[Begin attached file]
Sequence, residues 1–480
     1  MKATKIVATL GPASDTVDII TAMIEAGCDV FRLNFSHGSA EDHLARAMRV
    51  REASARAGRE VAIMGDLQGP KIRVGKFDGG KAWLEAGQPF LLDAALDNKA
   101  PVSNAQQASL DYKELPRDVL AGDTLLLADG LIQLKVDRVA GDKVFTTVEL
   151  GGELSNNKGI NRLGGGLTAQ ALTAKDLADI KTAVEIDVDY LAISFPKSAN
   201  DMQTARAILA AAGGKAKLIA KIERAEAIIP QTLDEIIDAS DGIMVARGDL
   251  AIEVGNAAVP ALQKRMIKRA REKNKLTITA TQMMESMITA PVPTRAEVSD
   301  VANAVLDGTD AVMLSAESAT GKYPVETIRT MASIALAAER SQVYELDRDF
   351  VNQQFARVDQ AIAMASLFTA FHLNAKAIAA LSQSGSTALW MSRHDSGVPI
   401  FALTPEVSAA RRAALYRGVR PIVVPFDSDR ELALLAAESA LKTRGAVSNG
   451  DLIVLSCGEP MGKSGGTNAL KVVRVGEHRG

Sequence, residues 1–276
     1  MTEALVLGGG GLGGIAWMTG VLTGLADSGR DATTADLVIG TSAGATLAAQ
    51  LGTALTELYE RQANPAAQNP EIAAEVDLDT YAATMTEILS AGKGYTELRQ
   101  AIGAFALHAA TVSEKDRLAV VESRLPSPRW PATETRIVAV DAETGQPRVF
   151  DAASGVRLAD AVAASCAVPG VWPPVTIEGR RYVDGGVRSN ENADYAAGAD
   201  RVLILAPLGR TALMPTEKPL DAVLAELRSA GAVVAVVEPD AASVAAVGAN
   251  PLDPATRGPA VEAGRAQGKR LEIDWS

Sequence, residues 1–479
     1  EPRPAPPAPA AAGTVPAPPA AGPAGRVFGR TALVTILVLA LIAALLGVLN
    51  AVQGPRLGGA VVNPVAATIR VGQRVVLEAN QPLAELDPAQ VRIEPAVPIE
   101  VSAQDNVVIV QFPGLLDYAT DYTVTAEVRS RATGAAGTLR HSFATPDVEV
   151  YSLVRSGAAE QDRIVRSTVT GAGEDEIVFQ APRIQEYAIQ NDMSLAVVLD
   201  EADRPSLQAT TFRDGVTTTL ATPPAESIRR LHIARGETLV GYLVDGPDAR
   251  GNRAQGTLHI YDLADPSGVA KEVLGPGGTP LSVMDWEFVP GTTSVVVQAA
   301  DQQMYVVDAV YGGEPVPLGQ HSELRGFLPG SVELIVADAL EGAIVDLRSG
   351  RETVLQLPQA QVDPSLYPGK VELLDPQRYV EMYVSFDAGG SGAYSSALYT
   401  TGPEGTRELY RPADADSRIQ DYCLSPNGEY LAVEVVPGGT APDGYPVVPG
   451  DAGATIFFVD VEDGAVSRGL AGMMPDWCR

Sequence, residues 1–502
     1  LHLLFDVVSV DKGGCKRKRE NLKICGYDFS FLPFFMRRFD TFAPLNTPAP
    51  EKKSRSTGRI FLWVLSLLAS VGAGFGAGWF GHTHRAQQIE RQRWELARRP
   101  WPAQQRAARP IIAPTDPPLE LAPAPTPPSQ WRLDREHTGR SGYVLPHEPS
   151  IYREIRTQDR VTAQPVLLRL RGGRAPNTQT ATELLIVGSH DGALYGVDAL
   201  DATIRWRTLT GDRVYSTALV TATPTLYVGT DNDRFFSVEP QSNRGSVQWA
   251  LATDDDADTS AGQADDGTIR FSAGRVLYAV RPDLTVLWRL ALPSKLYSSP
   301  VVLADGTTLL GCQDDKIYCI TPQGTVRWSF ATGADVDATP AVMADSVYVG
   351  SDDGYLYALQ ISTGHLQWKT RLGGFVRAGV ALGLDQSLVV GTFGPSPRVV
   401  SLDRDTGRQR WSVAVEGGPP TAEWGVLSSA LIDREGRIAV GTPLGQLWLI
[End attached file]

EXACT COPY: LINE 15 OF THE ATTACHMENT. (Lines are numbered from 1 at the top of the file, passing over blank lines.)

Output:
   101  AIGAFALHAA TVSEKDRLAV VESRLPSPRW PATETRIVAV DAETGQPRVF